If you are an engineer or a technician then this guide is for you. Otherwise don’t even try touching your new iPhone with these filthy unexperienced hands, should it get ‘sick’ or experience some technical trouble. However, if you have at least repaired around 5 different electronic devices in your life, you could easily qualify to be able to follow through this short iPhone repair guide.

Being a professional technician and having some apprentice dudes who do nothing by copying my style, I often get terrorized by these never ending and stupid as hell questions: “how to repair a new iPhone”, etc. Although this is really ridiculous, I have no choice then to answer these questions make expose my know-hows to the whole world, or at least for these who could find my blog online.


In order to be able to repair the new iPhone, you would need the following prerequisites: a good and working pair of hand, a capable brain and some knowledge of basics. If you have all this, you could easily learn and accomplish this task. Otherwise, it is better to call the iPhone Repair New York and save yourself from all the troubles. You know, a professional service would always do it better, so if you have any slightest doubts or uncertainties it is better to contact your nearby repair shop and get done with it once and for all.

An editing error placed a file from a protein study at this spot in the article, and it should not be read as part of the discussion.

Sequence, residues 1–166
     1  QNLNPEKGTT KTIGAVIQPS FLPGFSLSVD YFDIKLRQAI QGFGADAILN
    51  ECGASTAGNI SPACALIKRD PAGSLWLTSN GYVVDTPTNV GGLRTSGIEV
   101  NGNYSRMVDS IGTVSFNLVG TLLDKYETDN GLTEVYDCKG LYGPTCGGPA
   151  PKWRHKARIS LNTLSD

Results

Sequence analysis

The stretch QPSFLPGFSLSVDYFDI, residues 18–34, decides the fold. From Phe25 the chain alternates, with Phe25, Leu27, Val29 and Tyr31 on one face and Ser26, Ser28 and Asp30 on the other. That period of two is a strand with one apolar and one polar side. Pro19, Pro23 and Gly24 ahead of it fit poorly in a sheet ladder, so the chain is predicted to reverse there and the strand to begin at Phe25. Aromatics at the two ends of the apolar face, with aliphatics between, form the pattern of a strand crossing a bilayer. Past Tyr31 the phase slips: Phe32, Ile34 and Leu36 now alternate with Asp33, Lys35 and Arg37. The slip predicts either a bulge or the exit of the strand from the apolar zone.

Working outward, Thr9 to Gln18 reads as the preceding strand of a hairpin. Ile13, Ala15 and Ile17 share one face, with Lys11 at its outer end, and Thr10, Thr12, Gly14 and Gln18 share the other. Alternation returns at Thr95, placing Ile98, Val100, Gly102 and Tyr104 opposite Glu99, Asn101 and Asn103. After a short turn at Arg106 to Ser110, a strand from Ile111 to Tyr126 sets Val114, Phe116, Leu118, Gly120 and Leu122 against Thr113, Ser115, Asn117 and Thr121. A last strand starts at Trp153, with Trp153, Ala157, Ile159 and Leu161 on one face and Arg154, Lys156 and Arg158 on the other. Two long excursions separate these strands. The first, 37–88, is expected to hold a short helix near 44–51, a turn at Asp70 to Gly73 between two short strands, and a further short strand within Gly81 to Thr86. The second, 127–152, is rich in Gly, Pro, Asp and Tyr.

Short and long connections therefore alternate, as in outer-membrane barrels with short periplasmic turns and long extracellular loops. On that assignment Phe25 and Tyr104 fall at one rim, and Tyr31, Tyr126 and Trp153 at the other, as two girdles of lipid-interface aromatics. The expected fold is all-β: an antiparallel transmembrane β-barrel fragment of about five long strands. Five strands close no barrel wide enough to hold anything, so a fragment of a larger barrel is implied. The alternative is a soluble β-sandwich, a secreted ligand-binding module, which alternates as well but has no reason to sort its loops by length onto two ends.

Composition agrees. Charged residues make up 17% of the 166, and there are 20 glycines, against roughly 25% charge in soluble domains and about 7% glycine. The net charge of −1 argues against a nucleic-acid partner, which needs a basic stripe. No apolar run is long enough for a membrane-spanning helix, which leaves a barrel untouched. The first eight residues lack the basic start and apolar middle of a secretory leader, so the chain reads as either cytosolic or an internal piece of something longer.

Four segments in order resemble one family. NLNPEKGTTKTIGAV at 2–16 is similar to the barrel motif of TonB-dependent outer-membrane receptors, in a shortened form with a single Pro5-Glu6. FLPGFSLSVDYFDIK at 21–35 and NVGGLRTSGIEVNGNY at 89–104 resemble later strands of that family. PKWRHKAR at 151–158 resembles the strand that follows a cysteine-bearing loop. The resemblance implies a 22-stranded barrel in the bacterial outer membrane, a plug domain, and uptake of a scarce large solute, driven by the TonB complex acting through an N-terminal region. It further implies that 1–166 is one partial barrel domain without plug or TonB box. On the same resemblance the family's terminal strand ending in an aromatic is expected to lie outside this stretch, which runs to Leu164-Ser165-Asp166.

If you do have a pair of legs, a pair of hands and a pair of heads, yeah you should have two heads by the way, then you could actually repair it yourself. Unlike any other gadget, the new iPhone does not have any screws, so you could start opening it with either a knife and hammer method or a razor method. This is pretty much similar to the delidding technique of your CPU.

If the problem lies in a broken screen, you would simply buy another piece of screen for iPhone from a specialized service supplier, though make sure not to damage the screen itself, as you separate it from the glass. If the problem is in hardware, it has most likely to do with improper contact of the wires and connectors. This could be especially common for the power circuits, that is, the USB port and the battery connectors.